Yesterday I presented the "spirit/mind versus material world" dualism that exists within Christianity. I showed how it impacts our understanding of the imago Dei, the image of God. This dualism is not a recent development. It extends back to the beginning of the Church. The Hebrew world knew little of these dualisms but once that church entered the Greco-Roman world it seems biblical anthropology become corrupted with Greek anthropology. The Greeks viewed work as something fitting only for slaves. Pursuits of the mind were the highest expression of humanity and could not be troubled with cares of daily work.
Early in the life of the Church, scholarship and administration of the sacraments were elevated as the highest forms of Christian service. Later the Enlightenment elevated reason (matters of the mind and spirit) above all else including God. Two competing forms of foundationalism emerged. They presumed that autonomous objective individuals could through reason comprehend universal truths. One approach sought to identify elemental and universal truths upon which all other truths are based. (We see this strongly evidenced in the meticulous systematic theologies of Conservative Christianity.) Another approach searched for universally shared experiences and sought to build unity around these common experiences (We have seen this well evidenced in much of Liberal Christianity). In both cases, work and human economic action have been peripheral concerns.
Yet work and economic action is precisely where most people spend their time. Because of the Church’s dualistic formulations, it has been unable to speak intelligibly to economic issues except in the most inane ways. When the Church does speak to such issues in the West today it tends to either assume the legitimacy of the present order without theological reflection or engage in “prophetic” critique that is framed more by Enlightenment/Modernist communitarianism than the biblical narrative. Miroslav Volf says it well in his book Work in the Spirit: Toward a Theology of Work. I quote him at length (Ephasis is in the original.):
Given the paramount importance of work in both liberal and socialist economic and social theory, it is remarkable that in our world dominated by work a serious crisis in work had to strike before church bodies paid much attention to the problem of human work. Theologians are to blame for the former negligence. Amazingly little theological reflection has taken place in the past about an activity that takes up so much of our time. The number of pages theologians have devoted to the question of transubstantiation – which does or does not take place on Sunday – for instance, would, I suspect, far exceed the number of pages devoted to work that fills our live Monday through Saturday. My point is not to belittle the importance of correct understanding of the real Presence of Christ in the Lord’s Supper but to stress that a proper perspective on human work is at least as important.
One might object that the most basic things in life are not necessarily the most important, and that is hence superfluous to spend much time reflecting on them. Breathing is rather basic to life, but we do it twenty-four hours a day without giving it a second thought – until air pollution forces us to do so. Working, one might say, is much like breathing: its point is to keep us alive, and we need not bother with it until its function is hindered.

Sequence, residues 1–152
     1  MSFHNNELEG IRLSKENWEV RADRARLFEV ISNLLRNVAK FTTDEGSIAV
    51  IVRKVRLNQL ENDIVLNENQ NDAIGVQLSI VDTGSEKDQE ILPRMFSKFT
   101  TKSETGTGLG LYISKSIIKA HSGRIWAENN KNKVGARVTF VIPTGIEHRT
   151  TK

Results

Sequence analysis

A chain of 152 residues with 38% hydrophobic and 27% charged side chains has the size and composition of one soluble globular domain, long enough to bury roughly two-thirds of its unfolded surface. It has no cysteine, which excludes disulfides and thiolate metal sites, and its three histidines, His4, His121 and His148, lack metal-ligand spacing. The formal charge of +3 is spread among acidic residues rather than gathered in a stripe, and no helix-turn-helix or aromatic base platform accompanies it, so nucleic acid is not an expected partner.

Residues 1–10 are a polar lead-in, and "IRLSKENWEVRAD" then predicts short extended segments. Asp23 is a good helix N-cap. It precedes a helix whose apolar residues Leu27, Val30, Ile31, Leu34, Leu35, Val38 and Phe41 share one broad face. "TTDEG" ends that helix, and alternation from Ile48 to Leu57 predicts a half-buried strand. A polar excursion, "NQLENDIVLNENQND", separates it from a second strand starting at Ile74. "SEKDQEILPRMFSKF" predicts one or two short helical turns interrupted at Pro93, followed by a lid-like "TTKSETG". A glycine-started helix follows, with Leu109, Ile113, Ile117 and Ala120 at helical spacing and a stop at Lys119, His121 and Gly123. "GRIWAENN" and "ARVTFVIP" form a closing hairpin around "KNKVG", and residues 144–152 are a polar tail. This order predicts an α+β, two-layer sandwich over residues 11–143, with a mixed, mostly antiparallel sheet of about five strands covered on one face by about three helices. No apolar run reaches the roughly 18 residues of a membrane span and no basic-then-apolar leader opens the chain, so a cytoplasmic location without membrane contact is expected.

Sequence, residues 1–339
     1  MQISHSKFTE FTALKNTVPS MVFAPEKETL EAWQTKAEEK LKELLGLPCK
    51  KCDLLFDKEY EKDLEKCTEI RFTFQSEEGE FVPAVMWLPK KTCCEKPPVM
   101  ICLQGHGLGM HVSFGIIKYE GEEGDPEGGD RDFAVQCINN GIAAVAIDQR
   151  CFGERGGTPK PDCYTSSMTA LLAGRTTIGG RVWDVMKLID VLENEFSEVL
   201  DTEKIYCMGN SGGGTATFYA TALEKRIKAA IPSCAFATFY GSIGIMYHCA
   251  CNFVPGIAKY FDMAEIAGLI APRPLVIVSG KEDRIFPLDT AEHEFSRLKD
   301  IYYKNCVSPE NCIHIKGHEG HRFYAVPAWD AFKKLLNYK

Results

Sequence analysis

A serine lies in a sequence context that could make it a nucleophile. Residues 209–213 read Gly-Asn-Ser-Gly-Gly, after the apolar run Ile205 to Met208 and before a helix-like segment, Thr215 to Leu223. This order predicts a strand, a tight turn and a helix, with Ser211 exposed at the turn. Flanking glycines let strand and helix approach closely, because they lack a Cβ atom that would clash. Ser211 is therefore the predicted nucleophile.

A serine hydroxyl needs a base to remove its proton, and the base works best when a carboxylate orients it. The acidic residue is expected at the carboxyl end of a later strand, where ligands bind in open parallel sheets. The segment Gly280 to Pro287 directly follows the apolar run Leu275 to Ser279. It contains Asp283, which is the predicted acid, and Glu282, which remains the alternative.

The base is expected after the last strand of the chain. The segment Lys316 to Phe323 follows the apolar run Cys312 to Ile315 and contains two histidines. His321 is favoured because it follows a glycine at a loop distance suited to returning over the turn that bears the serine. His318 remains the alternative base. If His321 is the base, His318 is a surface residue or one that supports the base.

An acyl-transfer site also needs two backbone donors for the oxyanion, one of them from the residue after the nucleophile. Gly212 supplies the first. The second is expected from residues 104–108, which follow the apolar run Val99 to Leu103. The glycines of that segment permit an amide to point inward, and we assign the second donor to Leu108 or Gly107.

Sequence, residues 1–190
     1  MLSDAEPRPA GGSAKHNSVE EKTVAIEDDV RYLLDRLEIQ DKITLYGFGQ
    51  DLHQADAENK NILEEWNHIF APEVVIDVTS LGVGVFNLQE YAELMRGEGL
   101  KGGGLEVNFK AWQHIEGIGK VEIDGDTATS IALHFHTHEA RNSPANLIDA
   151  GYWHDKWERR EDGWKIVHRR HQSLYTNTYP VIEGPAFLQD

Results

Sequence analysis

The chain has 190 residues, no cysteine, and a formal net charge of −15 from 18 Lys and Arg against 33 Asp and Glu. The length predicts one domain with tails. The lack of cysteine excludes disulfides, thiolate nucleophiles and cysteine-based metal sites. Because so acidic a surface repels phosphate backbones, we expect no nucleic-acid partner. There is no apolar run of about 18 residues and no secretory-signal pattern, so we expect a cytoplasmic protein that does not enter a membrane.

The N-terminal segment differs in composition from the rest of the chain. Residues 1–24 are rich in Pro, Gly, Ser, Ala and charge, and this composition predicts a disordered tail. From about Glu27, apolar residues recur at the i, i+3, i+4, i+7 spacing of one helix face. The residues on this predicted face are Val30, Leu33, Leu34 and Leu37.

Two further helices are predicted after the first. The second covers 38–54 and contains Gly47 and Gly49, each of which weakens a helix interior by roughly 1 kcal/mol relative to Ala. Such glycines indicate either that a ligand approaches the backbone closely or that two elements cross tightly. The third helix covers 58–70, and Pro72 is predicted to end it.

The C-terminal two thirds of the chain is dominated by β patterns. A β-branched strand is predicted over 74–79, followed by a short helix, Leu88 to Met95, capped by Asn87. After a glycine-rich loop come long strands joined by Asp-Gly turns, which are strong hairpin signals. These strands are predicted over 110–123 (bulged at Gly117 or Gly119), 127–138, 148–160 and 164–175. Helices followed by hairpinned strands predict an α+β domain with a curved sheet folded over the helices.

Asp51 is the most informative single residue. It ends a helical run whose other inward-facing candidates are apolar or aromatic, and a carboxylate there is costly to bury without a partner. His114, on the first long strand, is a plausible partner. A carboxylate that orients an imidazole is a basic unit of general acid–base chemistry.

The parallel between breathing and working makes sense, however, only in a theology that subordinates the vita activa completely to the vita contemplativa. As Thomas Aquinas’ reflection on work illustrates, in such a theology the only real reason to work is to make the contemplation of God possible, first by providing “for the necessities of the present life” without which contemplation could not take place, and second, by “quieting and directing the internal passions of the soul,” without which human beings would not be “apt [enough] for contemplation.” But apart from the fact that work is necessary to provide for the necessities of the body and to quiet the passions of the soul, work is detrimental to human beings, for “it is impossible for one to be busy with external action and at the same time give oneself to Divine contemplation.” When a person inspired by the love of God does the will of God in the world, she suffers separation from the sweetness of Divine contemplation. Where the vita activa is fully subservient to vita contemplativa, there is no need to reflect extensively on human work since, as a mere means to a much higher end, it is in the long run accidental to the real purpose of human life.
The complete subordination of vita activa to vita contemplativa that has been basic to much of Christian theology throughout the centuries betrays an illegitimate intrusion of Greek anthropology into Christian theology. Faithfulness to our Judeo-Christian biblical roots demands that we abandon it. I am not suggesting that we should follow the modern inversion of the traditional order between vita activa and vita contemplativa and subordinate vita contemplativa completely to vita activa. I am not even suggesting that we should place them on an equal footing. I do propose, however, that we treat them as two basic, alternating aspects of the Christian life that may differ in importance but that cannot be reduced one to another, and that form an inseparable unity.
As soon as we ascribe inherent and not simply instrumental value to the vita activa (and thereby also to human work) we have answered the question of whether theological reflection on work is fundamental or marginal to the task of theology. … (69-70)